Meat-eaters’ greenhouse gas emissions are twice as high as vegans’

Meat-eaters dietary greenhouse gas emissions are twice as high as those of vegans, a study finds.

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Guest post by Chris Riotta

People who eat meat produce double the amount of greenhouse gas emissions from their diets than vegans, researchers report May 31 in Climatic Change.

Everything from producing, transporting, storing, cooking and even wasting food contributes to greenhouse gas emissions, and meat products have higher emissions because of the methane released from animals’ digestive systems.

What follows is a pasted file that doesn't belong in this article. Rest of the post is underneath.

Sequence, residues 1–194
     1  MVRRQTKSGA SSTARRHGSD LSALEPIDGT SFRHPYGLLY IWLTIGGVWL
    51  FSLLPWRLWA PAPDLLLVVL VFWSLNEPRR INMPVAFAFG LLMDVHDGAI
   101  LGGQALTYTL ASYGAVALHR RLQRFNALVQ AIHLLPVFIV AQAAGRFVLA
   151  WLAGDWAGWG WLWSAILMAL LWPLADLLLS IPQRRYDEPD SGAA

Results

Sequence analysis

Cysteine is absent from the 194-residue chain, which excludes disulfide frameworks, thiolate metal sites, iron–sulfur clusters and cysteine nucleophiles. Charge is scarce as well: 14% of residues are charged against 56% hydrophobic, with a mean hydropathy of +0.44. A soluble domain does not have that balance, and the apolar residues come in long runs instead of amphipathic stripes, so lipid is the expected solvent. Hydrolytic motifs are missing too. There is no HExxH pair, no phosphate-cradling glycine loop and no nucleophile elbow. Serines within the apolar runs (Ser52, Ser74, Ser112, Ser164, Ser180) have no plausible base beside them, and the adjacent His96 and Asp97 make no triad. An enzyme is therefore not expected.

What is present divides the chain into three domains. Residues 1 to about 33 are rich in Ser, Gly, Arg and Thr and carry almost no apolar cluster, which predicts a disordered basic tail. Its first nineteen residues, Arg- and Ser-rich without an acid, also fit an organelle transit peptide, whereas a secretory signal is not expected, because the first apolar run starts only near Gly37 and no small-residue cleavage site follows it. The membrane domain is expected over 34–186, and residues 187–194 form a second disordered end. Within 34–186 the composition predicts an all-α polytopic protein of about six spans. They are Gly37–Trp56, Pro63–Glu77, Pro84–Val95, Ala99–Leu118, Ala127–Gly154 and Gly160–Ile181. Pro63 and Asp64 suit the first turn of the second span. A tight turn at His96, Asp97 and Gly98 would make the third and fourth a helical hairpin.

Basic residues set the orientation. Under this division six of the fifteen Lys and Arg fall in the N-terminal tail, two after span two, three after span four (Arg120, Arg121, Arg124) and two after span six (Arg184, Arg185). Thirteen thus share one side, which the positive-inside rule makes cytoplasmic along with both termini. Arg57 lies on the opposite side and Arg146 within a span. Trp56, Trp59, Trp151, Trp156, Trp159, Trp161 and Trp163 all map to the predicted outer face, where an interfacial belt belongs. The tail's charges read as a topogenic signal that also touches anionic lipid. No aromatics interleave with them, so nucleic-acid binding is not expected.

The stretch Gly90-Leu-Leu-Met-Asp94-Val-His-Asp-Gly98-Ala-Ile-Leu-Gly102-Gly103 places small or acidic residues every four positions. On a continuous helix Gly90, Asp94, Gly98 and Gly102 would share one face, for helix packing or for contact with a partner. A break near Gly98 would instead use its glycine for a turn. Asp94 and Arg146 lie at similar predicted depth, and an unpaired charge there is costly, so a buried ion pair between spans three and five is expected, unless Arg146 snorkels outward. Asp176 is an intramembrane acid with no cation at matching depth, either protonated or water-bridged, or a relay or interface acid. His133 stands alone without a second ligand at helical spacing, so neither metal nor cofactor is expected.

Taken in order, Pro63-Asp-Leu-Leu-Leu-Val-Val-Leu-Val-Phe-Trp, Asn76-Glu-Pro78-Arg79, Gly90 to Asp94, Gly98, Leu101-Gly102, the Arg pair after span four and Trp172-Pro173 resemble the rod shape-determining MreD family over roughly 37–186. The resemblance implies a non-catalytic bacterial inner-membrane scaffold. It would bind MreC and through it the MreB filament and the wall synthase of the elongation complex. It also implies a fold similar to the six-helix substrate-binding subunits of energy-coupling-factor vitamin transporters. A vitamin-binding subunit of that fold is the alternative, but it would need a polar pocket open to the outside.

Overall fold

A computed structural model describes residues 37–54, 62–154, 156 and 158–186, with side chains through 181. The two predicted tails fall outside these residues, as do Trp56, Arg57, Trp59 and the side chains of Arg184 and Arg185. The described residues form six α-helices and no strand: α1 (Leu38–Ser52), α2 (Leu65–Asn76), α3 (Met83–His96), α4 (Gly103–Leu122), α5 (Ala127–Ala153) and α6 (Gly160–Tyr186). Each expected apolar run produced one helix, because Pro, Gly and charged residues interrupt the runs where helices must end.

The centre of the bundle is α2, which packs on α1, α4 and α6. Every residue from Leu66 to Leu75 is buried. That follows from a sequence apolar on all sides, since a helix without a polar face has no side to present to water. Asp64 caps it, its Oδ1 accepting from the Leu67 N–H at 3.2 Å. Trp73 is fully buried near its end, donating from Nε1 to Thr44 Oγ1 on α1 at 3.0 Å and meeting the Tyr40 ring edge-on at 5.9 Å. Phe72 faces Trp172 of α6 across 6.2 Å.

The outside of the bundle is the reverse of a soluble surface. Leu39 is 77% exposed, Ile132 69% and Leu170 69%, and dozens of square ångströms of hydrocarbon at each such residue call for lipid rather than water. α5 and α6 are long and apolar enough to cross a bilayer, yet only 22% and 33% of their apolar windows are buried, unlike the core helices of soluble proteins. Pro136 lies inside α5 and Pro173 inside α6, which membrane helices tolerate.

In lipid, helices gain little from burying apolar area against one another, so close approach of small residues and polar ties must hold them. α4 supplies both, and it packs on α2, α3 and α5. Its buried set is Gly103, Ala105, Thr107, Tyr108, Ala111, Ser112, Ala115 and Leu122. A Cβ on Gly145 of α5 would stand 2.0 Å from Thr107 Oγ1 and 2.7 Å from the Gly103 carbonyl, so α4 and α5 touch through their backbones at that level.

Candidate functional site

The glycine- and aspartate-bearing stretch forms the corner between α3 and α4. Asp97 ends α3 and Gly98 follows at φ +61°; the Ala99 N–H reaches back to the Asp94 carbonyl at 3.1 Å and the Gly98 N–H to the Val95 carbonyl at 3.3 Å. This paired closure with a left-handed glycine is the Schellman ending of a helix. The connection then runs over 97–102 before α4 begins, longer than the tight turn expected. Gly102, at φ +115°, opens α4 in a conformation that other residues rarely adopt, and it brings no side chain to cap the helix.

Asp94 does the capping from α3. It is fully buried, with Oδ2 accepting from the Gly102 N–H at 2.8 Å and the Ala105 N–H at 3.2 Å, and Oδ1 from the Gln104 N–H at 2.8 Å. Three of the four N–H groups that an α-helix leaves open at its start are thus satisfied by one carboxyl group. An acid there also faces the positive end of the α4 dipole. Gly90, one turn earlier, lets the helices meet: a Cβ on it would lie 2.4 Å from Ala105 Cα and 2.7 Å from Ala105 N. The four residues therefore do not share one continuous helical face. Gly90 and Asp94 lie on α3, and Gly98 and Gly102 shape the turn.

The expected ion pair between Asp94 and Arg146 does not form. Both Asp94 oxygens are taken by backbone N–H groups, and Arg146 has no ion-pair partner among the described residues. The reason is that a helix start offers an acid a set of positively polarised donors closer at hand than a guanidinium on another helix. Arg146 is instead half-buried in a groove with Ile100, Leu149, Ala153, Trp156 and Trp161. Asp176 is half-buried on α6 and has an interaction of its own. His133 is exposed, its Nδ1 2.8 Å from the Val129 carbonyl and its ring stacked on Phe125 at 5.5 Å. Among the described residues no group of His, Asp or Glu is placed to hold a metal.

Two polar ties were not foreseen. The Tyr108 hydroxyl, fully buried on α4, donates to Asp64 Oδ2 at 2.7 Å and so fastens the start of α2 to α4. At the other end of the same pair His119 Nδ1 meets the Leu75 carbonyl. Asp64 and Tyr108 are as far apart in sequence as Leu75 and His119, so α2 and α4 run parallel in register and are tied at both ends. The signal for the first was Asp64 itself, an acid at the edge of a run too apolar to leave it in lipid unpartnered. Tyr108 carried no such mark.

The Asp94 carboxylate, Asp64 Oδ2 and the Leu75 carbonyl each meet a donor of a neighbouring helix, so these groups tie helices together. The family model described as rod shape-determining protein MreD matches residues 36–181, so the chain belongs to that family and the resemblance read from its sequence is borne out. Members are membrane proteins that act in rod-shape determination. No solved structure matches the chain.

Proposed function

As a result, meat-eaters who consume 50 to 99 grams of meat each day contribute 5.63 kilograms of carbon dioxide equivalents to the atmosphere per day, while vegans contribute only 2.89 kilograms, the researchers found. Vegans had the lowest dietary greenhouse gas emissions, followed by vegetarians and then people who only ate fish.

Governments could use the findings to update their recommendations for a “healthy, sustainable diet,” the authors suggest.

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